Back in August it was announced that the Road Safety Grant, like so much other central government funding was going to be ceased. The grant was around £80-£100 million per year and was given to local authorities to install and maintain their speed cameras. Ironically, it was a self-funded grant as the number of people breaking the speed limit in the UK remains so high that fines which were handed over from local authorities to central government were the same as the grant. Interestingly, national government is still happy to take the fines, but will no longer fund the speed cameras. Of course, local authorities, being charged with making cuts somewhere from 25%-40%, saw no sense in continuing with the speed cameras, which cost £40,000 each, because they get no money from them.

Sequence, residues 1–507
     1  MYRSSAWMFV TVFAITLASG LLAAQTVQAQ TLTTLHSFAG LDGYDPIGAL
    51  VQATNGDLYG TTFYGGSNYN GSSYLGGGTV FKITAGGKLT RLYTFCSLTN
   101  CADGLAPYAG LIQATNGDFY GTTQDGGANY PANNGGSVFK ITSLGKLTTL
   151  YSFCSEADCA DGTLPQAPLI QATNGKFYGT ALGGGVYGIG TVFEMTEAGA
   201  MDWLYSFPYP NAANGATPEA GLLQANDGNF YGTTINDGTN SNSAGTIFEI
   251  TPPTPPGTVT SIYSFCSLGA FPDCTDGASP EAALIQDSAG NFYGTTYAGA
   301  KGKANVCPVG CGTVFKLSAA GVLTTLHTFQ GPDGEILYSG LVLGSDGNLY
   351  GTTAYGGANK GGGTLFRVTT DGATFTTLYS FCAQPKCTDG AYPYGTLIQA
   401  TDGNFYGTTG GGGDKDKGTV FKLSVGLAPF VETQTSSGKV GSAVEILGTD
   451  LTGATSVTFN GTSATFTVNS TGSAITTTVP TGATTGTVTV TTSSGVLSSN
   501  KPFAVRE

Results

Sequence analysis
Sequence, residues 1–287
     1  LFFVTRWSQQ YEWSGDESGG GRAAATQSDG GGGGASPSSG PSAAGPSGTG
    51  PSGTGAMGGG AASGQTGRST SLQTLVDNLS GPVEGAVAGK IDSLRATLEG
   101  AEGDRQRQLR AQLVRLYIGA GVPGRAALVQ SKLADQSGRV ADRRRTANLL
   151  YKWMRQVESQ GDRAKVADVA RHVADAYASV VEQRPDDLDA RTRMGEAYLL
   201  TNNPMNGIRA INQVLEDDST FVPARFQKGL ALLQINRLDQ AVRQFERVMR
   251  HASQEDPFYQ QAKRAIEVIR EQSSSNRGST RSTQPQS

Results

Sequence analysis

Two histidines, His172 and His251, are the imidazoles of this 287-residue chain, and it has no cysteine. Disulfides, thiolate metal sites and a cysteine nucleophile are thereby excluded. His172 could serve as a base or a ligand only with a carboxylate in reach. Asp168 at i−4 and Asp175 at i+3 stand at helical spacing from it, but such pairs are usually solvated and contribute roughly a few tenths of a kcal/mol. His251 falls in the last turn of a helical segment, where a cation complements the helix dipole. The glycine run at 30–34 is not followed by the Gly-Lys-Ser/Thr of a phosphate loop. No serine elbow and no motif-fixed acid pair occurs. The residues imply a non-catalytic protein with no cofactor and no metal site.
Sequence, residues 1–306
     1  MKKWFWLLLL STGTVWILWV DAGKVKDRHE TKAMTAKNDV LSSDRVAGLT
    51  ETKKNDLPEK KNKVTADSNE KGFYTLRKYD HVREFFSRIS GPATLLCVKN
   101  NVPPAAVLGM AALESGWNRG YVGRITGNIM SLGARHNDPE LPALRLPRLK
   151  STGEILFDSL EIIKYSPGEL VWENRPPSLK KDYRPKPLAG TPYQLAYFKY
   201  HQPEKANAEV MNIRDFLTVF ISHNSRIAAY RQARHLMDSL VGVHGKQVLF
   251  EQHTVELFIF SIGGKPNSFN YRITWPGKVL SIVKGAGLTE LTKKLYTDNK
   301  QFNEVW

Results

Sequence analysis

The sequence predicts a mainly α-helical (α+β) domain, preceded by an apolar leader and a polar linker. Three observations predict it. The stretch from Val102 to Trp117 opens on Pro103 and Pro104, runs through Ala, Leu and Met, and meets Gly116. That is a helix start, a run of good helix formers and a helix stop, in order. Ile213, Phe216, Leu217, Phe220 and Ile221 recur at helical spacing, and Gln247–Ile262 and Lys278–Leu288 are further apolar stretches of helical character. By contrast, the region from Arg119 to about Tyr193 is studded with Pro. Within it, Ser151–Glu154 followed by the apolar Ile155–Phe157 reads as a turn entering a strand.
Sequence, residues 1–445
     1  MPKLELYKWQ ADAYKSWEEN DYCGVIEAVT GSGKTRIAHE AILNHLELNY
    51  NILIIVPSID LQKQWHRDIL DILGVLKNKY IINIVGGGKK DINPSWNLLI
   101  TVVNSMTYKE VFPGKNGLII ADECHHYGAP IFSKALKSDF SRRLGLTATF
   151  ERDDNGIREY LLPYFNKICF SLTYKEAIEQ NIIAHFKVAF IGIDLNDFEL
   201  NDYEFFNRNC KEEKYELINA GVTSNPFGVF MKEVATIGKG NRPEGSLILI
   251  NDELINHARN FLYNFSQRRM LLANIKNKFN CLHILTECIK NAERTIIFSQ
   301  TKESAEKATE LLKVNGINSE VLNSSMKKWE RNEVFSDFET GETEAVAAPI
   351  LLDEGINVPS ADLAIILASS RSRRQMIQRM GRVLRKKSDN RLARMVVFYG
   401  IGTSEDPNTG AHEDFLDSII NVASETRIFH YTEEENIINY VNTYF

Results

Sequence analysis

Speed cameras have always been controversial and online you can read how they were apparently part of Gordon Brown's 'Stasi state' (the Stasi being the secret police of East Germany), though ironically the first mobile speed cameras were introduced in 1982 under the Thatcher government. The technology had existed since 1905. Cameras are not only used to catch speeders but also people driving private cars down bus lanes or jumping red lights or approaching level crossings, and, around the City of London for security. They attracted greatest attention, however, from 1999 when Safety Camera Partnerships were introduced to promote the use of the cameras with 15% of the revenue from fines being used to improve road safety. Whilst the scheme ended in 2007, this use of the fine revenue to boost road safety in general and not simply to install or maintain cameras continued. The fines from speed cameras averaged around £1.3 million (€1.59 million; US$202 million) per year which suggests a lot of people violating traffic laws. They were increasingly portrayed as simply revenue raisers for local authorities and this led in the early 2000s to attacks on the cameras. Right-wing councils in the late 2000s began to be swayed by the populist arguments against them and in 2009 Swindon, which has an appalling road network (I tried to navigate it back in August), was the first to switch off its cameras, followed by Oxfordshire county council in July 2010 and many more since.